I find the best way to learn this is to analyze your combat math. Here's some sample questions:

    If I attack with X what happens?
    Will they block?
    Which blockers will they use?
    Will they double block?
    Can they afford the life lost by not blocking?
    What will they do after they block?
    How will blocking affect their next turn?
    What game effects are triggered by my attack?
    What game effects are triggered by their block?
    Can I afford live lost if they attack their next turn?
    If they attack next turn, what blockers will I have left if I make this attack?

    If you answer these and decide the result is you can make an attack, then you ask them all again, with a different attacker, different blockers different globals. Exhaust the options. THEN choose the BEST option for YOUR game.

    Now....you want to go back to step 1 and up the ante. How will all this affect you over the course of 2 turns. 3 turns. 8 turns. Ask yourself what's in your bag, what's in his. Etc etc etc.

    Always keep asking. Every question is answered with another question until you've solved the puzzle.

    Then start again.
  4. memmek2k's Avatar
    Quote Originally Posted by agentj
    You said, "Dice Masters is a game of math, if you can't calculate the probability of different results over the course of the game go back to step 1, you are not ready to play.*"
    I don't know how to do that so I need to go to step1 and learn it. How do I learn this?
    If you would like to get into the world of calculating probabilities, Khan Academy is probably a good place to start. You'll want to get into permutations, combinations, and calculation of "at least X favorable outcomes for Y chances," as those are the basis of Dice Masters probabilities.

    Some quick tips/cheat sheet:

    • The probability of rolling an action/character face of a non-sidekick die is 75%. It's a 1 in 2 chance, but you get a reroll.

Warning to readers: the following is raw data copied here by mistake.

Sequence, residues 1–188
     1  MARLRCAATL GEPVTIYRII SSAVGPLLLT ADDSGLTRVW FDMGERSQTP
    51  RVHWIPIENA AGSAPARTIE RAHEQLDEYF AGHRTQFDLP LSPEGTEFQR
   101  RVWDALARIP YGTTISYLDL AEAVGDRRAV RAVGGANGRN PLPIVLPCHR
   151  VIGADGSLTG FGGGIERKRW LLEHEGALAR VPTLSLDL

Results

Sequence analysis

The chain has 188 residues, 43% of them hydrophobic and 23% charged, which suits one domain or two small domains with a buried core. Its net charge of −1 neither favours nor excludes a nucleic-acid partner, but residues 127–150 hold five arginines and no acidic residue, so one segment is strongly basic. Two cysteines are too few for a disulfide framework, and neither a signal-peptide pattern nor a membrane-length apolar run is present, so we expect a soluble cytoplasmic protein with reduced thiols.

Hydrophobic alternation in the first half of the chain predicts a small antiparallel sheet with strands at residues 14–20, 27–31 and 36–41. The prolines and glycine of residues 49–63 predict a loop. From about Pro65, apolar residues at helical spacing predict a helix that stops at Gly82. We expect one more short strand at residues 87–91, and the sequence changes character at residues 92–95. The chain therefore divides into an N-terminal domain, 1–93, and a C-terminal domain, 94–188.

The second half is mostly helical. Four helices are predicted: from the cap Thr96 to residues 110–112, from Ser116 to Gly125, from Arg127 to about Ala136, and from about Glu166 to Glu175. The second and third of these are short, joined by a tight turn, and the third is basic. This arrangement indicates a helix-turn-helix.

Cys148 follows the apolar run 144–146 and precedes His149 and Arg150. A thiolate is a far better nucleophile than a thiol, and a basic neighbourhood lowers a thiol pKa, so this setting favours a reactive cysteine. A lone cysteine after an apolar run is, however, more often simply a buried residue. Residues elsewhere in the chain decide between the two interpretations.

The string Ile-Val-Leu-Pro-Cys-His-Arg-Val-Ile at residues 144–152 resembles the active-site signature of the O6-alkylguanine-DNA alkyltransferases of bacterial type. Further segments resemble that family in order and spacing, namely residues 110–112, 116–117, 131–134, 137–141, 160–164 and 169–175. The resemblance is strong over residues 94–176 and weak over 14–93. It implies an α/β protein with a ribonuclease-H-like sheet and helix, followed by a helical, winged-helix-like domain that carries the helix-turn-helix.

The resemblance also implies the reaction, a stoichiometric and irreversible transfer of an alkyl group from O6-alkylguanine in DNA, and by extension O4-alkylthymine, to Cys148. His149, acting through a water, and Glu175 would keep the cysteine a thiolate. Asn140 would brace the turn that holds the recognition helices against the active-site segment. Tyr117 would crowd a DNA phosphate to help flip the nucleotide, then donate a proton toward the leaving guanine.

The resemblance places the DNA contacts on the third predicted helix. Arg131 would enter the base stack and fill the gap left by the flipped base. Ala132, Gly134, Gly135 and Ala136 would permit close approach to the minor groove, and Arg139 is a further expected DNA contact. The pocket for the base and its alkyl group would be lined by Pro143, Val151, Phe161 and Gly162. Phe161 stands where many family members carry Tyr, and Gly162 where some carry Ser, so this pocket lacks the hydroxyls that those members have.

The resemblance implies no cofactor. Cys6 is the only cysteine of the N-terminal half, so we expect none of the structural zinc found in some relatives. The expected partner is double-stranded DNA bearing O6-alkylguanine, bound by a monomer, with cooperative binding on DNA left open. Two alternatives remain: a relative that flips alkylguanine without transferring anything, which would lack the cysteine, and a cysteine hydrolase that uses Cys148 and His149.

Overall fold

• If you want to events to occur at the same time, you can multiply the probabilities. Say I needed both Constantine and Vicious Struggle to come up character/action. The probability of that happening, with rerolls, is 0.75 * 0.75 = 0.5625 or about 57%.
    • An invaluable trick for calculating these probabilities is to instead calculate the probability of it not happening at all, and subtract that from 100%. For example, say I had a sidekick die and I needed a mask energy, and I could use a ? here instead of the mask. I have a 1 in 3 chance, but I have a reroll. The probability of not rolling that mask on either the roll or the reroll is 0.67 * 0.67 = 0.44. So the probability of getting a mask or a question mark off of one sidekick die is 1 - 0.44 = 0.56 or 56%.
    Updated 04-04-2016 at 08:58 AM by memmek2k (Math mistake)
  5. agentj's Avatar
    Quote Originally Posted by memmek2k
    If you would like to get into the world of calculating probabilities, Khan Academy is probably a good place to start. You'll want to get into permutations, combinations, and calculation of "at least X favorable outcomes for Y chances," as those are the basis of Dice Masters probabilities.

    Some quick tips/cheat sheet:

    • The probability of rolling an action/character face of a non-sidekick die is 75%. It's a 1 in 2 chance, but you get a reroll.
    • If you want to events to occur at the same time, you can multiply the probabilities. Say I needed both Constantine and Vicious Struggle to come up character/action. The probability of that happening, with rerolls, is 0.75 * 0.75 = 0.5625 or about 57%.
    • An invaluable trick for calculating these probabilities is to instead calculate the probability of it not happening at all, and subtract that from 100%. For example, say I had a sidekick die and I needed a mask energy, and I could use a ? here instead of the mask. I have a 1 in 3 chance, but I have a reroll. The probability of not rolling that mask on either the roll or the reroll is 0.67 * 0.67 = 0.44. So the probability of getting a mask or a question mark off of one sidekick die is 1 - 0.44 = 0.66 or 66%.
    So like I said I don't know how to do probability however, I do know how to do math. 1 - .44 does not = .66 because .66 + .44 = 1.1
  6. memmek2k's Avatar
    Quote Originally Posted by agentj
    So like I said I don't know how to do probability however, I do know how to do math. 1 - .44 does not = .66 because .66 + .44 = 1.1
    Heh, good catch. Thanks for checking my math, lol.